Thanks to improving cost management, management believes the company can raise its operating margin to about 17% by 2020 and 19% by 2023, representing a substantial increase in profitability compared to prior years. 

Over the long term, management believes it can grow Parker-Hannifin's EPS by about 8% to 10% annually, with free cash flow per share growing slightly faster. Combined with its low payout ratio, that should allow the company to grow its dividend at roughly the same pace (9% to 10% annually). 

That's roughly in line with its 20-year average annual dividend growth rate of 11% and is among the fastest potential payout growth rates of any dividend king. In other words, Parker-Hannifin seems likely to be a solid long-term income growth investment. 
Source: Parker-Hannifin Investor Presentation

Key Risks

Despite its high aftermarket mix, Parker-Hannifin's business will still face volatility in revenue during economic and industry-specific downturns such as the oil crash of 2014 to 2016.

The business is most sensitive to manufacturing activity, aircraft miles flown, and construction markets. Not surprisingly, Parker-Hannifin will be impacted by trends in the broader economy and is cyclical.

In addition, margins can be negatively impacted at times by the volatile nature of its raw material which include: steel, brass, copper, aluminum, nickel, rubber, plastics, and various chemicals. U.S. tariffs have caused prices to spike for a number of these materials, including steel and aluminum.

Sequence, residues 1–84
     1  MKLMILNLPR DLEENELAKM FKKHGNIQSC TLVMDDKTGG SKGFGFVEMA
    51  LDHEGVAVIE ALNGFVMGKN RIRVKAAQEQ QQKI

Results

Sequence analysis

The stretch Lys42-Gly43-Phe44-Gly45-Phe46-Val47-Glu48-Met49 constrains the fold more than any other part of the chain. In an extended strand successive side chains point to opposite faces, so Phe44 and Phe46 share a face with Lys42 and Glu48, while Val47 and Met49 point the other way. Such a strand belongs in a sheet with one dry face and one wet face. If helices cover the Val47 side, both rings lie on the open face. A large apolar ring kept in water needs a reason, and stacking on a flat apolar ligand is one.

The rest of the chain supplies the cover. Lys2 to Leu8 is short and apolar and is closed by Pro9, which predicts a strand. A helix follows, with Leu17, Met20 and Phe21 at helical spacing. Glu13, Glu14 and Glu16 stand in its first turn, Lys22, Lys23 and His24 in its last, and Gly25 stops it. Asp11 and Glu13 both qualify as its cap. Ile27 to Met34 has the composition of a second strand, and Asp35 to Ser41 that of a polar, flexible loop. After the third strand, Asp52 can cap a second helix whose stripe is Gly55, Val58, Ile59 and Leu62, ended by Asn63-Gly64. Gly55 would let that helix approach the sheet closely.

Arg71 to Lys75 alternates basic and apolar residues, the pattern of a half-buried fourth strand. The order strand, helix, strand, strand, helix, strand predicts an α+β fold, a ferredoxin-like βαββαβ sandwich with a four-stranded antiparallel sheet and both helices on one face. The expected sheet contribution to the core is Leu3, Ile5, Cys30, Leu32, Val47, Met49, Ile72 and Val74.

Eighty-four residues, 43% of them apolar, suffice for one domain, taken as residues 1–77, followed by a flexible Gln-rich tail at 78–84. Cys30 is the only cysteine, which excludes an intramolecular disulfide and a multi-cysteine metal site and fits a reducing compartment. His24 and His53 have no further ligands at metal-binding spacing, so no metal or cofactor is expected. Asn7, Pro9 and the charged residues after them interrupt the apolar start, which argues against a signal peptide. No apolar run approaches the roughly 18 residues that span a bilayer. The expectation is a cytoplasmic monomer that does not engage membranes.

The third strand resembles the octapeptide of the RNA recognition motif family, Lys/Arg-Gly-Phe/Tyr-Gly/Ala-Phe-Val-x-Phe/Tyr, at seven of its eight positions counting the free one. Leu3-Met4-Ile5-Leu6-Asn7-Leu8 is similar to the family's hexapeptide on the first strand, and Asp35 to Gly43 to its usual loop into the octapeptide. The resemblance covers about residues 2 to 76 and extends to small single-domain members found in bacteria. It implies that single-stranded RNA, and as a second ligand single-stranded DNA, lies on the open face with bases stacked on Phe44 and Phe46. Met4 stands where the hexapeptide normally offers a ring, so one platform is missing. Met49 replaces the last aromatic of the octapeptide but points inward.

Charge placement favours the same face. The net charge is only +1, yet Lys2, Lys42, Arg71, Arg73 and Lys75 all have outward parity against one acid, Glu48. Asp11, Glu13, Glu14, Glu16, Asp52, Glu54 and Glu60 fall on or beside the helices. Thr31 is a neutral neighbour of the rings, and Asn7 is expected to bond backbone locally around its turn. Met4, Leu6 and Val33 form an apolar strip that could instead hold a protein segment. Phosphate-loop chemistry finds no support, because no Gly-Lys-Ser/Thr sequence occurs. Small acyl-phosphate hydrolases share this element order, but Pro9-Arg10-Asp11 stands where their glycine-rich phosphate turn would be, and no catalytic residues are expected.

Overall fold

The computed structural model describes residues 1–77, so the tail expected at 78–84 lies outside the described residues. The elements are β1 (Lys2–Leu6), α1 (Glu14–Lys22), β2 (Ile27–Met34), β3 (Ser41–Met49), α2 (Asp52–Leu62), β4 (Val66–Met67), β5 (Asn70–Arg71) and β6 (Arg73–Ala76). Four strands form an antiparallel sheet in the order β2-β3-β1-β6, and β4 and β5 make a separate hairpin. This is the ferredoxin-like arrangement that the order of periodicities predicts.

While Parker-Hannifin sources its inputs from around the world, rising raw materials can still put the squeeze on margins and make it harder to hit management's ambitious margin and EPS growth targets. 

Escalating trade hostilities between the U.S., EU, Canada, and China mean that Parker's well honed supply chain could also be at risk of disruption. While management can adapt over time, in the short to medium-term this could impair the firm's earnings and dividend growth potential. 

With about 40% of sales coming from overseas, Parker-Hannifin also faces some currency exchange rate risk. If the U.S. dollar appreciates against local currencies, then Parker-Hannifin's sales in foreign markets translate into less U.S. dollars, creating a growth headwind that could cause it to miss its long-term targets. 

Finally, investors must not forget Parker-Hannifin's heavy focus on acquisitions. While the company has a good track record on M&A, every deal comes with execution risk. That involves both potentially overpaying for a purchase (Clarcor was bought at a rich 17 times EBITDA multiple), and potentially failing to achieve expected cost synergies. 

Overall, it's hard to identify a risk factor that could impair Parker-Hannifin's long-term earnings power. With hundreds of thousands of individual products and over 400,000 customers, Parker-Hannifin operates a well-diversified business model that won’t be brought down easily by any single factor. The company’s sturdy balance sheet (including an A credit rating from Standard & Poor's) and free cash flow generation add further protection.

Closing Thoughts on Parker-Hannifin

Parker-Hannifin is a perfect example of a boring but beautiful dividend growth stock. The company's strong relationships with its customers, globe-spanning distribution network, ever-more specialized products, and high mix of aftermarket revenue create a wide moat for this industry leader.

And thanks to management's strong track record of good capital allocation, including well-executed acquisitions, Parker-Hannifin has managed to generate one of America's most impressive long-term dividend growth records. 

Going forward, the company's focus on more advanced technology systems, more aftermarket products (greater recurring revenues), and higher-margin business lines should help it continue driving double-digit growth in cash flow and dividends. As a result, Parker-Hannifin appears to be a potentially solid long-term investment with one of the fastest income growth rates of any dividend king.